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Jim Coan Bio

Jim Coan grew up only three blocks from the campus of the University of Arizona in Tucson. Frequently observing what he considered “silly” uniforms worn by the Air Force and Army ROTC students walking to and from campus, Jim chose to join the reserves rather than be forced to take the mandatory two years of ROTC.

Several of Jim’s family members were Marines. A great uncle was a machine gunner with the 5th Marines in France during WWI. An older stepbrother fought with the Marines in the Pacific during WWII. Jim decided at an early age that he, too, would someday wear the red and gold of the Marines.

After graduating high school in 1960, Jim completed boot camp and then enrolled at the University of Arizona. He majored in government and law enforcement. He was on the five-year plan and graduated in 1965.
Jim successfully completed his active military reserve commitment, having attained the rank of corporal. He applied for Marine Officer Candidate School and was accepted. In October of 1966, Jim reported to OCS at Quantico, Virginia. Out of 50 candidates in his platoon, Jim was one of 29 still around at graduation. He was commissioned a second lieutenant in December 1966. He then completed an abbreviated Basic School at Quantico in April of 1967 as part of TBS Class 4-67. Then it was off to Tank Officer’s School at Camp Pendleton.

With orders to WESTPAC in his hand, Jim arrived in Vietnam in August 1967. After a harrowing, sleepless night spent in a tent by the runway at Da Nang hearing jets take off and land all night, he and eight other lieutenants reported the next day to 3d Tank Battalion near Phu Bai (Gia Le). All of them were eventually wounded or killed in action. Jim was initially assigned assistant S-3 under Major Bruce McLaren. He would report a month later to Alpha Company in Dong Ha, where he relieved 2/LT Tom Barry, the new 1st Platoon Leader, who had received two Purple Hearts from shrapnel wounds at Con Thien in a week.

For the next 40 days, his baptism under fire, Jim dodged NVA artillery, mortars and rockets during the siege of Con Thien. First 3/9, then 1/9 held the “Hill of Angels” while his tank platoon was there. His remaining tour saw 1st Platoon operating in support of 1/4, 2/4, 3/4, 2/9, and 2/26, covering most of Leatherneck Square from the DMZ to Cam Lo, and up into the DMZ with the 9th Marines during Operation Thor. After ten months in the field, during which time he was wounded during a mortar attack on Con Thien, Jim went back to Dong Ha to be the XO of Alpha Company. From 1969-70, Jim was the CO of Charlie Company, 2d Tanks at Camp Lejeune. He attained the rank of Captain, USMCR, after he left active duty in 1970.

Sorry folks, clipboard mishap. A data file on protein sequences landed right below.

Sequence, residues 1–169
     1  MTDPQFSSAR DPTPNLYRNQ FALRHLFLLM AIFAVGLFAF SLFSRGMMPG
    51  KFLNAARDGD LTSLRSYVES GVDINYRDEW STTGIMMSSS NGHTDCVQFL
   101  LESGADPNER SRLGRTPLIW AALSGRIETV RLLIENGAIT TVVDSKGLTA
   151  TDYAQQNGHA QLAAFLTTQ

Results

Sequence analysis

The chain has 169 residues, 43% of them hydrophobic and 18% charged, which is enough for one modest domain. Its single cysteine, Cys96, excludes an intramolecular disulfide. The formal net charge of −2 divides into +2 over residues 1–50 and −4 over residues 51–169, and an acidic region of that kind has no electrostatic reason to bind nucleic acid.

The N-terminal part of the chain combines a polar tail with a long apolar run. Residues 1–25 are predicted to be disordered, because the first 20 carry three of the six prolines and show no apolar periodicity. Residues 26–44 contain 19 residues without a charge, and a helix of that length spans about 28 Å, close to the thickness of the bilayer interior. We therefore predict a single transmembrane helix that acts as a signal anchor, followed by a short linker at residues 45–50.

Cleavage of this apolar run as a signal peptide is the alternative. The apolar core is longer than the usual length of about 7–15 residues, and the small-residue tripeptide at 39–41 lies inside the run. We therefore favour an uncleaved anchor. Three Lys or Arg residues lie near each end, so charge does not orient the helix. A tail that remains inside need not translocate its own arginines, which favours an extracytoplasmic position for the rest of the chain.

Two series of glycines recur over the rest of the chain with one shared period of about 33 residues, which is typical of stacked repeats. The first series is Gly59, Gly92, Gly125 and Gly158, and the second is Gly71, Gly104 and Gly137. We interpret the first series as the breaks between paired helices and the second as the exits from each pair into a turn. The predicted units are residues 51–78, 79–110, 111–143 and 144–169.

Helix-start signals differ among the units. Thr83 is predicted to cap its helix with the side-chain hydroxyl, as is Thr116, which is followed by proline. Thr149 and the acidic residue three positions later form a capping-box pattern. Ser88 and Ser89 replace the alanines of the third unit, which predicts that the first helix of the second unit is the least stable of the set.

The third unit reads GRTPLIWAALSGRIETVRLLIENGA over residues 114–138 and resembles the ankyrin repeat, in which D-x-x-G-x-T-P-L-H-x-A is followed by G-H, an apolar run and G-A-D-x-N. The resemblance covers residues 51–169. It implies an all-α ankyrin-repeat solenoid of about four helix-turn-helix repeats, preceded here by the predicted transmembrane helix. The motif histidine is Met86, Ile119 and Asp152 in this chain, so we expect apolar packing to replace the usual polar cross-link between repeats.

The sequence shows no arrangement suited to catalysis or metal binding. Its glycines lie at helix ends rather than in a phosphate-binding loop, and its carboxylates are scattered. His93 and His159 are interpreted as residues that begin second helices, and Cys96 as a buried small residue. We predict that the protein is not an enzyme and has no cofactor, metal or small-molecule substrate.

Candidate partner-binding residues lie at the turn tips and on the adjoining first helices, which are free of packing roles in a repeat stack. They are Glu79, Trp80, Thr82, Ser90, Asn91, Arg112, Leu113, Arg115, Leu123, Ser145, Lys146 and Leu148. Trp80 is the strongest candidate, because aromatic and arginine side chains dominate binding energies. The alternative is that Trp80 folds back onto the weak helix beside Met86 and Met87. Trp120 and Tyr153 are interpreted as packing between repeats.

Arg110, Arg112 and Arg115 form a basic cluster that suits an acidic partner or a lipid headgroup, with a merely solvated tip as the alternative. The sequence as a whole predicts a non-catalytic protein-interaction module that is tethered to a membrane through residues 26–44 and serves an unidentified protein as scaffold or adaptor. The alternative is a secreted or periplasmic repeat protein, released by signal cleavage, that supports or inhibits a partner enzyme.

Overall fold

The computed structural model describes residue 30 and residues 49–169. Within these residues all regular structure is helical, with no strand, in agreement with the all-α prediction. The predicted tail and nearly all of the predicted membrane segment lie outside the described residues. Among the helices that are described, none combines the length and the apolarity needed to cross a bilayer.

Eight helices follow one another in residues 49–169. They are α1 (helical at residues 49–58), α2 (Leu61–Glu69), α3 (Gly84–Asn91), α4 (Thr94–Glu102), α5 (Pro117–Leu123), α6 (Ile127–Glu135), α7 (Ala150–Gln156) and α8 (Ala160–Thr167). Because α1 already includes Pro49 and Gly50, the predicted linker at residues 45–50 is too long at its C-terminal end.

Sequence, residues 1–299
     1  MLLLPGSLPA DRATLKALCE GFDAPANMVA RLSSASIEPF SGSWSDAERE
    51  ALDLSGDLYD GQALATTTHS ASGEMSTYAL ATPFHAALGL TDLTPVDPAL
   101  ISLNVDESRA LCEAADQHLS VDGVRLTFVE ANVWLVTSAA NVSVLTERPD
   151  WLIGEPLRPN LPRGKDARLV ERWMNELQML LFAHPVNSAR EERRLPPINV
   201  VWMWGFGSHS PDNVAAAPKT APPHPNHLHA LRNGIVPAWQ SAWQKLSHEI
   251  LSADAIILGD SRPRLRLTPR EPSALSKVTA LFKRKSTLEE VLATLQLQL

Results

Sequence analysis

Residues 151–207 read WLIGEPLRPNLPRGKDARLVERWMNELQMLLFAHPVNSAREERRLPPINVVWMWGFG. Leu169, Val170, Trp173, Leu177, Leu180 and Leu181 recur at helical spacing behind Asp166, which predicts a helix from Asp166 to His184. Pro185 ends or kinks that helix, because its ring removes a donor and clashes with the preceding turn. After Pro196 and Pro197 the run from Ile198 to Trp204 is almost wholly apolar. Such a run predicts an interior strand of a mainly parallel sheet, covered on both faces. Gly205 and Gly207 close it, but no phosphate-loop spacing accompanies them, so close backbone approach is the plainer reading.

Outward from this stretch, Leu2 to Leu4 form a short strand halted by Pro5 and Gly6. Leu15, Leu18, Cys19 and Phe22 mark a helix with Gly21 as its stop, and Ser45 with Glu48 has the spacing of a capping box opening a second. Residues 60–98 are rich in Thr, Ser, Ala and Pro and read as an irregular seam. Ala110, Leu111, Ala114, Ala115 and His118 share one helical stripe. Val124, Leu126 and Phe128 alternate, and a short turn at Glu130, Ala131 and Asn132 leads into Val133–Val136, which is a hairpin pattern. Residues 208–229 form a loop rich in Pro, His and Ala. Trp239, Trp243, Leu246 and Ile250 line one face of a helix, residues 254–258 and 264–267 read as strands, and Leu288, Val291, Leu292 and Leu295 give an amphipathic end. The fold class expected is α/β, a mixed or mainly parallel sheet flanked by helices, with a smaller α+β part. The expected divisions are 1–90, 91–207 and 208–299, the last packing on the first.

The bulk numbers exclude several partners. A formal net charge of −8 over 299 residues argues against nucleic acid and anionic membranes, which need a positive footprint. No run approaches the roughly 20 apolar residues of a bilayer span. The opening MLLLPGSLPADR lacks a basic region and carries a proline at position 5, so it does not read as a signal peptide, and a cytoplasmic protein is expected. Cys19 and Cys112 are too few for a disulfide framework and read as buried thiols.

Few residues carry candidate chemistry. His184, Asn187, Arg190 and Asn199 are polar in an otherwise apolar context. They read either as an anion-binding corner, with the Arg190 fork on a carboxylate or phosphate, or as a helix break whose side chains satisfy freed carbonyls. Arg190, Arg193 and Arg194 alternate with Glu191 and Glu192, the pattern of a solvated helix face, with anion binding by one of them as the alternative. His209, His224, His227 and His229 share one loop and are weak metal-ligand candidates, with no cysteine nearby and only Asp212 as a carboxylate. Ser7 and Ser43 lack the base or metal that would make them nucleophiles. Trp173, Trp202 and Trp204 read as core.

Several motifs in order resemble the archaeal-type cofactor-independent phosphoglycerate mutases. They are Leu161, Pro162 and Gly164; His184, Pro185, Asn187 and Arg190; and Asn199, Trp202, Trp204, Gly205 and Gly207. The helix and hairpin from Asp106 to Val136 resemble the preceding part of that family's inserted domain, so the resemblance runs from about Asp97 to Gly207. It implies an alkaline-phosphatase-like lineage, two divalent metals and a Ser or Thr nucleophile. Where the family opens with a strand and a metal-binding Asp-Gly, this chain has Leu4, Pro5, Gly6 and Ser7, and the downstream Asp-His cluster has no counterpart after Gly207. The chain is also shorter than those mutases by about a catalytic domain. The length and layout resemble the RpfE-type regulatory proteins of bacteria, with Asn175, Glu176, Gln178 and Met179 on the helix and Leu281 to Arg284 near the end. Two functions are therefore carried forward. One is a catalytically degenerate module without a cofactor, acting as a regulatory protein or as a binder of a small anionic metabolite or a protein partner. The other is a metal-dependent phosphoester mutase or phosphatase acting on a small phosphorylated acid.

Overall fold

Looking back on his Vietnam combat tour, Jim will never forget those young Marines he served with, many barely out of high school, who faced danger bravely and never failed to come through in a tight spot. And, he recalls how nothing he has experienced since Nam compares to the roar of a five-tank platoon moving out in formation, armed to the teeth and looking for trouble.

Jim subsequently earned master’s degrees from San Diego State and Arizona State Universities, thanks to the G.I. Bill. He first worked as a budget analyst for the City of San Diego, and then went back to Tucson and took a position as Asst. City Manager. Bored with city government politics and feeling stifled in his job, Jim began volunteering at the Arizona Youth Center north of Tucson. He soon quit his city job and hired on as a correctional counselor at the Youth Center. Jim then became a parole agent with the California Youth Authority. During a 30-year career in youth corrections, Jim held several positions including Supervising Parole Agent, Institutional Program Administrator, and Superintendent. He retired from State service in 2000.

Jim’s first project upon retirement was to commence working on a manuscript about Con Thien. His first attempts at getting published went nowhere. Then, Eric Hammel, noted historian and prolific author, hooked up with Jim and mentored him on his book project. In 2004, The University of Alabama Press published Jim’s book, Con Thien: The Hill of Angels. His book is now in its second printing.

When Jim learned he had prostate cancer in 2005, he resigned his position as vice president of the Vietnam Tankers Assn., missing out on the Philly reunion. After a successful surgery and recovery, VTA President John Wear approached him in 2006 about taking over the vacant Treasurer position. Jim accepted and still holds that office.
Jim currently resides in Sierra Vista, Arizona, with his wife of 31 years, Sandra. One of his daughters also resides there with her two children. He and Sandra like their role as grandparents spoiling the grandkids. He also has a son and a second daughter living in California. In addition to the Vietnam Tankers Assn., Jim stays busy as a life member of the Military Order of the Purple Heart, VFW, and Marine Corps Historical Society. He is also an artisan of sorts, dabbling in stained glass, woodcarving, and model railroading. A Vietnam War scene diorama he made in 1999 is on display at Texas Tech University’s Vietnam War Archive.
Jim is one of the charter members of the Vietnam Tankers Association. One of his missions in life is to do everything he can to help the organization grow and prosper in coming years.